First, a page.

Right now, it’s very common to inspect the inputs stored in the queue to measure the coverage gained by the fuzzer. This approach has some significant disadvantages: Most obviously, it’s very hard to compare against fuzzers that don’t have a queue or periodically remove entries from the queue. In the past we sometimes got around this by adding (unused) coverage feedback and a queue to a blind fuzzers for evaluation purposes. However, this is obviously suboptimal - the blind fuzzer pays the performance penalty of coverage measurement without any of the gains. Furthermore, this approach doesn’t even allow us to measure how often (even approximately) a given line was exercised by the fuzzer. We strongly believe that lines which are tested only once or twice are almost as untested as lines that were never tested. At the same time, we observed that many lines only appear in a single input in the corpus, even if they have been tested many thousand times.

Even worse, it’s entirely impossible to gain deeper insight from this data (e.g. what kinds of values were explored at given points in the target).

Sampling Profilers and Fuzzing Measurements

To avoid these problems, we propose to draw a random sample of the test cases generated during the fuzzing. Storing one randomly picked input a few times per second will not greatly affect the overall fuzzing performance, while giving us a much more precise picture of what the fuzzer is doing. Like a sampling profiler, this approach will very quickly point out which areas are explored thoroughly and which are not. Unfortunately, this introduces some additional random noise, that we will have to mitigate by running multiple experiments in parallel. However, we will need to do this anyway as fuzzer performance can depend significantly on the seed used. However, sampling from all inputs generated has some very nice properties: It produces comparable results no matter how the fuzzer uses coverage, its queue, what scheduling algorithms are used, nor how much attention is paid to each individual entry. If we investigate how much of the state space a fuzzer explored, this approach produces unbiased results. Inspecting the queue heavily biases such metrics towards the first input that reaches a given line of code, and will thus strongly underestimate the diversity in the inputs generated. In fact, sampling even produces comparable results when measuring blind fuzzers.

A Better Code Coverage

The big issues with measuring code coverage is that it doesn’t always correspond to the fuzzer’s ability to cover interesting states. Consider a fuzzer that only reaches a given point once vs a fuzzer that reaches the same basic block over and over again. While both would yield the same test coverage, we would expect the second one to be much more likely to trigger a bug in the target. Consider the (fake but in our experience quite realistic) result from running a structured blind fuzzer and a structured coverage guided fuzzer in Figure 1.

While the blind fuzzer initially performs better due to the reduced overhead, it will take a lot longer to reach the same overall coverage. If we have a look at the basic blocks that are covered only after some minutes to hours, we would expect that the fuzzer continues to exercise the same block sparsely (every few minutes). A coverage guided fuzzer will reliably trigger the same coverage many thousands of times after first finding it. However, in current measurements similar to Figure 1, (such as the ones we did in our Nautilus paper), this would be considered an equal outcome.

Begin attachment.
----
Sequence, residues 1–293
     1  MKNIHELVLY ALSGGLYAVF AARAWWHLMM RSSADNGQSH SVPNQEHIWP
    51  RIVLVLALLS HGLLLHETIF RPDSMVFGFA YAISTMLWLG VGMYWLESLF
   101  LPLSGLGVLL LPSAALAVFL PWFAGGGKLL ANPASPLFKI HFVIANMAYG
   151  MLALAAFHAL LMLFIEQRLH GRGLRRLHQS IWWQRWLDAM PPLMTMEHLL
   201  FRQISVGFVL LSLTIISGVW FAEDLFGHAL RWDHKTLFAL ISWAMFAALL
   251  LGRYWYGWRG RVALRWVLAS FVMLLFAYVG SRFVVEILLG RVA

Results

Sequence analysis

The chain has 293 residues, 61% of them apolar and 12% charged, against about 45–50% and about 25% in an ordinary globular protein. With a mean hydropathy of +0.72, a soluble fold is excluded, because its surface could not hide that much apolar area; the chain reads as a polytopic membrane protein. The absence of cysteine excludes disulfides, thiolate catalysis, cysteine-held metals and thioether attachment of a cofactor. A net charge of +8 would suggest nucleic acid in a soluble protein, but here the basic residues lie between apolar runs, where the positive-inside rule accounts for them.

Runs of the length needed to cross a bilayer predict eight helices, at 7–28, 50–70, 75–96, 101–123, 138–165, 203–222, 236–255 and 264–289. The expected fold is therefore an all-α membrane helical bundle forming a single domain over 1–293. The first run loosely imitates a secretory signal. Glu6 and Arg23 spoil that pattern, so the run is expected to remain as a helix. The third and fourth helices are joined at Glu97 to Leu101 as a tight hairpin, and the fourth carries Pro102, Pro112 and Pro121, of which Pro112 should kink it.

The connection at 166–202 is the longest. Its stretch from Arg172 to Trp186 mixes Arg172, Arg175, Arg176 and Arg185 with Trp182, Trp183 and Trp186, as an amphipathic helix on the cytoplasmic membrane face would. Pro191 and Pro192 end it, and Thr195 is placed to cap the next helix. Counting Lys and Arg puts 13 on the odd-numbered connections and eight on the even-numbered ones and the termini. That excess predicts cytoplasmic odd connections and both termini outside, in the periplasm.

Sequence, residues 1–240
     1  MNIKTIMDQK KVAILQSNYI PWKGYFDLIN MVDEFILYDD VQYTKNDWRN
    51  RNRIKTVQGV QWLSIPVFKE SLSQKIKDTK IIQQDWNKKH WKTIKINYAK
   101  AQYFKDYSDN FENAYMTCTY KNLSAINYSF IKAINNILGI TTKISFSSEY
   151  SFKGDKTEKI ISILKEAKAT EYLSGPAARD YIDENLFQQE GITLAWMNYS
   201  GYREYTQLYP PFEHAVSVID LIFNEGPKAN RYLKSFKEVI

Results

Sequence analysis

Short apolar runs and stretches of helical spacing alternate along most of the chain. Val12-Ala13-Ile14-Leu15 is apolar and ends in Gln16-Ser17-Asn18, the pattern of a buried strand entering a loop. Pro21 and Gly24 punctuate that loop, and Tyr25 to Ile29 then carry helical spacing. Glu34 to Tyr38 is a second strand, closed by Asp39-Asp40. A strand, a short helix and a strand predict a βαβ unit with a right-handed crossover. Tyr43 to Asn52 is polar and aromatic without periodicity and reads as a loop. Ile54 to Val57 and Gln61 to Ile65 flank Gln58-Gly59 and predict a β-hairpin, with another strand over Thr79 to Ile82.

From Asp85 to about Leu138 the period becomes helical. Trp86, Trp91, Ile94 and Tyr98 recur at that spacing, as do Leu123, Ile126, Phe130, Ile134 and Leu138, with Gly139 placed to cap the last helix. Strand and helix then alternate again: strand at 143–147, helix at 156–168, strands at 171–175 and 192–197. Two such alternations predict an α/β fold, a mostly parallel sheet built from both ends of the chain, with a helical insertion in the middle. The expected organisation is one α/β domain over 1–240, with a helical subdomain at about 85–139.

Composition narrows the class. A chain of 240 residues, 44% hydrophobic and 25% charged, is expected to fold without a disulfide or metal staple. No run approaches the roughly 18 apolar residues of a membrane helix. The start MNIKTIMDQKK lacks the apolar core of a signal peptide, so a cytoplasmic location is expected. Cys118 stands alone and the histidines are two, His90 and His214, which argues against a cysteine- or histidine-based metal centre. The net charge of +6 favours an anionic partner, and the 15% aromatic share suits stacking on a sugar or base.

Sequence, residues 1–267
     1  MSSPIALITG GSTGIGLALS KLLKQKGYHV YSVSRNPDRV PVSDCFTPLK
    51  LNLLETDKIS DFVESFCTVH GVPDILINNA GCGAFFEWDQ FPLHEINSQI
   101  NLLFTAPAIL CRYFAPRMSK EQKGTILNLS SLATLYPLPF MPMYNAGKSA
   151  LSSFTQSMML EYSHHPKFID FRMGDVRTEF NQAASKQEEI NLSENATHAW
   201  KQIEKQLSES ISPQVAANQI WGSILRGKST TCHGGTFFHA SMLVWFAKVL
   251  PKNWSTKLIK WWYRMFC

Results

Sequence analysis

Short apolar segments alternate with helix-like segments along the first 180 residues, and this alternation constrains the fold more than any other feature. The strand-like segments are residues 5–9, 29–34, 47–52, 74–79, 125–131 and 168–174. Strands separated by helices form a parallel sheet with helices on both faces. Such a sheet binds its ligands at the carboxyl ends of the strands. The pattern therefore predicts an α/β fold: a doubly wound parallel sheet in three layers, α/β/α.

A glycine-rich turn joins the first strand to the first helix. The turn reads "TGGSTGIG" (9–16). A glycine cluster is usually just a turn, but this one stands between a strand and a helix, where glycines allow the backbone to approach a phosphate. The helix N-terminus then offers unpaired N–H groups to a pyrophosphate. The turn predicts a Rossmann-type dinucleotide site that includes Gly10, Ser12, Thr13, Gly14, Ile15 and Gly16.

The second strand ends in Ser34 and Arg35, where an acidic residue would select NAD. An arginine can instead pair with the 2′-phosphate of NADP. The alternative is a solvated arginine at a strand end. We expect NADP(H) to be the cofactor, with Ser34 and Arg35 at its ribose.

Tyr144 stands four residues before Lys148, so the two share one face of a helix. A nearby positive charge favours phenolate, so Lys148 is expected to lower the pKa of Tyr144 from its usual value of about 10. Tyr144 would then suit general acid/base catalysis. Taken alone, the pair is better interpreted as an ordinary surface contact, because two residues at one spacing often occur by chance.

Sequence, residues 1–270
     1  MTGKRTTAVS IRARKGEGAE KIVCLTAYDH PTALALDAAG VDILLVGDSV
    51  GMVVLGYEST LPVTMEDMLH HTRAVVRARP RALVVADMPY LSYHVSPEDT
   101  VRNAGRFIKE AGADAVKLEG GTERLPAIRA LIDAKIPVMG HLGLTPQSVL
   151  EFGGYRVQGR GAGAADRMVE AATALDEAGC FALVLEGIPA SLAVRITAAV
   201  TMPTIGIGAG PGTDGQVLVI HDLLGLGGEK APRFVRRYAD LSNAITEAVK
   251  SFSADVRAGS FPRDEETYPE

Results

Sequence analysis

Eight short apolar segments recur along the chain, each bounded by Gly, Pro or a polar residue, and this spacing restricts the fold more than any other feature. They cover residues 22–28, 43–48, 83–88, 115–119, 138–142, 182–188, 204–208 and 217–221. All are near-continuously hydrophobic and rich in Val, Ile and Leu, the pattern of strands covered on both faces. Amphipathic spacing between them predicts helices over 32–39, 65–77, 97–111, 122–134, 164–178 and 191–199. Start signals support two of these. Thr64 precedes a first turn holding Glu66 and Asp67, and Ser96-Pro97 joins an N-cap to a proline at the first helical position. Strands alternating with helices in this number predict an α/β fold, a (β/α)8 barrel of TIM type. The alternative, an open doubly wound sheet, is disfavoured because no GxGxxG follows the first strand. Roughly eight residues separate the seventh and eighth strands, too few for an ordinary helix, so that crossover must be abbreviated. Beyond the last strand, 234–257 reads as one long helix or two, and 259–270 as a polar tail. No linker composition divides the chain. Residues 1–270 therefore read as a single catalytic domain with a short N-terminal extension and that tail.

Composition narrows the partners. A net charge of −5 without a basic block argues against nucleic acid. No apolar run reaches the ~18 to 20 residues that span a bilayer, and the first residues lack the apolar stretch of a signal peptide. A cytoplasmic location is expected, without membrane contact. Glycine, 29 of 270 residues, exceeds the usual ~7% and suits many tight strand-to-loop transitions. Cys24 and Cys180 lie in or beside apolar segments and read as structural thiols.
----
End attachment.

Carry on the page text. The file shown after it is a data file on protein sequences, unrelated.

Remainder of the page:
We propose to enrich the result by comparing the number of times any basic block was executed during the whole campaign.

Using a sampling based measurement, we can count how often individual basic blocks were hit by any input. This would give a much more precise view of the real test coverage of a fuzzer. To compare two fuzzers, one can simply create a plot of the differences in counts per basic block as seen in Figure. 2. For interpretability, we added a proportional shaded area that displays how often each basic block was executed overall. Again, the plot is obviously fake. None the less, we could tell that the feedback fuzzer is much better at exploring uncommon basic blocks. Even if Figure 1. showed that they reach the same overall coverage eventually.

Measuring State Coverage

Inspecting differences in effective coverage already helps to identify how different fuzzers explore the code. However, the same approach can be extended to get a much more detailed look into the behavior of fuzzers. For example. Instead of looking at the number of test cases that hit each basic block, we can look at the number of distinct paths that the application took to reach this basic block. Again, we would expect to see that structure aware fuzzers will be much better at triggering the same coverage in vastly different ways. Bitflipper-style fuzzers will have more difficulties to find completely distinct paths reaching the same basic block deep in the application. Additionally, this approach will still distinguish the fuzzer’s ability to uncover distinct paths - even in the presence of excellent seed files.

We can easily increase the precision further: We could inspect the number of distinct values that variables take during the fuzzing process (If the number grows too large, HyperLogLog will probably come handy).

All of this information can be easily aggregated and even displayed on top of the source code of the target to give a much better feeling for how well each fuzzer does in each individual part of the target program.

Call for Action

We believe this approach will serve to increase the ability to compare the performance of different fuzzers. Specifically, it meets three of our four goals: Sampling based evaluation is fine grained, works for real world software and can be used to compare very different fuzzers, including fuzzers using concolic execution to uncover new coverage. However it will not be able to properly represent the strength of fuzzers that use advanced analytics such as symbolic execution to directly trigger bugs without random exploration of the state space. And of course, while we strongly believe that a fuzzer that explores different program states more thoroughly will actually find more bugs, we did not actually prove this yet.

If you have any feedback or ideas for better evaluation metrics, please join the discussion at the Awesome Fuzzing Discord or contact the authors directly via email or on twitter (@is_eqv and @ms_s3c).

  1. We will not go into details of why measurements such as number of paths found, number of unique crashes, bugs in LAVA-M etc. are misleading at best. We realize they are widely used, but they really shouldn’t be. Please don’t use them, and watch any of Brandon Falk’s fun rants if you don’t see what’s wrong with those. ↩︎